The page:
Bottom line: The Microsoft Surface Studio is a big deal. In a time where many of us in the tech community believe the only companies can innovate are Apple and Google, Microsoft continues to show us that although they’ve been late to the game, the products they are delivering are top notch, work well together and are helping to drive and shape the industry. One thing that must be noted is that professionals have not been forgotten — way to go, Microsoft.
Google Chrome, to the non-technological observer, this may seem like a very lightweight application by it’s looks and performance. However, once you get in deep and dive under the hood you will be horrified. Let me start off by saying Chrome is robust in it’s own right; however, with the way that it hogs memory it will not receive my seal of approval just yet.
When it comes down to mobile devices, Chrome is the way to go. The browser is fast, memory unobtrusive, sleek, and all-around beautifully designed. On the other hand, on the desktop, this beast is a complete resource hog. I am totally enthralled in the Google ecosystem, between my Nexus devices and content from Google Play — I am Google to the core. However, for some reason, I cannot seem to drop Mozilla Firefox, which has been my browser of choice since it was 0.4 Beta (thanks to Kevin Rose). Why? The answer is simple, Firefox used to be a memory hog; but, Mozilla realized this and corrected the issue. This browser is far less bloated that it has ever been, performs exceptionally and renders web pages like non other.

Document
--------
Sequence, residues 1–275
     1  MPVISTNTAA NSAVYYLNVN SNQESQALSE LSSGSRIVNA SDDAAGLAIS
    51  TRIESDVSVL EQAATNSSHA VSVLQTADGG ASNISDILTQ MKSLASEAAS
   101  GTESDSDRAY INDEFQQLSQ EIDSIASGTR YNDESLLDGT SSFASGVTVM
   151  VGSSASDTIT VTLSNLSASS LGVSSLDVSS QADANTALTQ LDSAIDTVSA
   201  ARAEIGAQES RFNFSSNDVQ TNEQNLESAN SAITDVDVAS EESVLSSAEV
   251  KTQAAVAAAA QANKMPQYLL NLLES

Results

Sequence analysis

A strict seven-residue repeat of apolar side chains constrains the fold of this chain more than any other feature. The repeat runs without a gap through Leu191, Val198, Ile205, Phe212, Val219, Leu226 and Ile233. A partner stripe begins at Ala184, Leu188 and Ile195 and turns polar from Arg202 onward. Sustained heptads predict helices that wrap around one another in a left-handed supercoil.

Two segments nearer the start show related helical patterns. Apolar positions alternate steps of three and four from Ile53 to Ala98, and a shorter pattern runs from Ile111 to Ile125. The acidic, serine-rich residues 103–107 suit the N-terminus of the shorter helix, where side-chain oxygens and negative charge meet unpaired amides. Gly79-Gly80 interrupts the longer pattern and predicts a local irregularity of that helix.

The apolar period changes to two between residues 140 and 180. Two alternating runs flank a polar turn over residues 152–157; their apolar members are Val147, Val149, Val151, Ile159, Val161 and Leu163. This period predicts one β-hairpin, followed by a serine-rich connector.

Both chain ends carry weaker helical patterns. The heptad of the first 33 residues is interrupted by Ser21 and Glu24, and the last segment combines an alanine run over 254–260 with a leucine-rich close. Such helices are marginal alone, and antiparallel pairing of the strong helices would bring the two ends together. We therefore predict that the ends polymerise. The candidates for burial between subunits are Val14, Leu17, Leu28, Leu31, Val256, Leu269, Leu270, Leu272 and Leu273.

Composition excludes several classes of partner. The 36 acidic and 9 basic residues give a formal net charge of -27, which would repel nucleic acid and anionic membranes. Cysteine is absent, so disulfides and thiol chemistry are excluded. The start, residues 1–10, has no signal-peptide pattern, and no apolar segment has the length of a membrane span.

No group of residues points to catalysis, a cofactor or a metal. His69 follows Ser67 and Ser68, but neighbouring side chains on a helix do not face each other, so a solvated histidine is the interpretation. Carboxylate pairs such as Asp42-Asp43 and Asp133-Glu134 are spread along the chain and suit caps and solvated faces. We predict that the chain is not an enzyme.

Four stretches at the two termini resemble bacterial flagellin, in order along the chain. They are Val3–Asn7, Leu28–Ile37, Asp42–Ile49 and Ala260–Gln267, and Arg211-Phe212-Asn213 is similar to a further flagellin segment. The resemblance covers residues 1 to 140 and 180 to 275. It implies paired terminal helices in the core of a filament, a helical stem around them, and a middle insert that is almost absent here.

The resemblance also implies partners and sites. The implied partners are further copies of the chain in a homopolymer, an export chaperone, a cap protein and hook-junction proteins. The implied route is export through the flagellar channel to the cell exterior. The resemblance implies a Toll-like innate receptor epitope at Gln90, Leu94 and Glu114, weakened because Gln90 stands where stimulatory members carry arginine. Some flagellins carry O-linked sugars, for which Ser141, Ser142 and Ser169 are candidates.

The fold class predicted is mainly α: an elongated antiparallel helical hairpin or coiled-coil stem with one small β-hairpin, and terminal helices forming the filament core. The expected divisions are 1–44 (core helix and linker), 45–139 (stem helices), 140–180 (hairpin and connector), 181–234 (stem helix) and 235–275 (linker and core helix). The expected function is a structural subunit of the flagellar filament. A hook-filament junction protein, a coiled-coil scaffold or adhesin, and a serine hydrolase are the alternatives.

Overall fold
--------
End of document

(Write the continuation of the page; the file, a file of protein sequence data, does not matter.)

Now, let’s take a look at Chrome. Being a Google user, I felt the need to give Chrome a true end to end test. From the outside looking in Chrome looks like it uses no memory at all. However, when you view your processes on the task manager you will notice that for every tab you create in the browser Chrome is essentially creating another instance of itself. Why? Firefox doesn’t do this, it manages all open tabs in one browser instance instead of virtually creating a separate instance for every tab. This is why Chrome falls to 2nd place in my browser ranking.
Bottom line: If Chrome fixes its memory issues, there would be no reason for me to stay with Firefox for my desktop browser of choice or at least let them duel it out on my machine.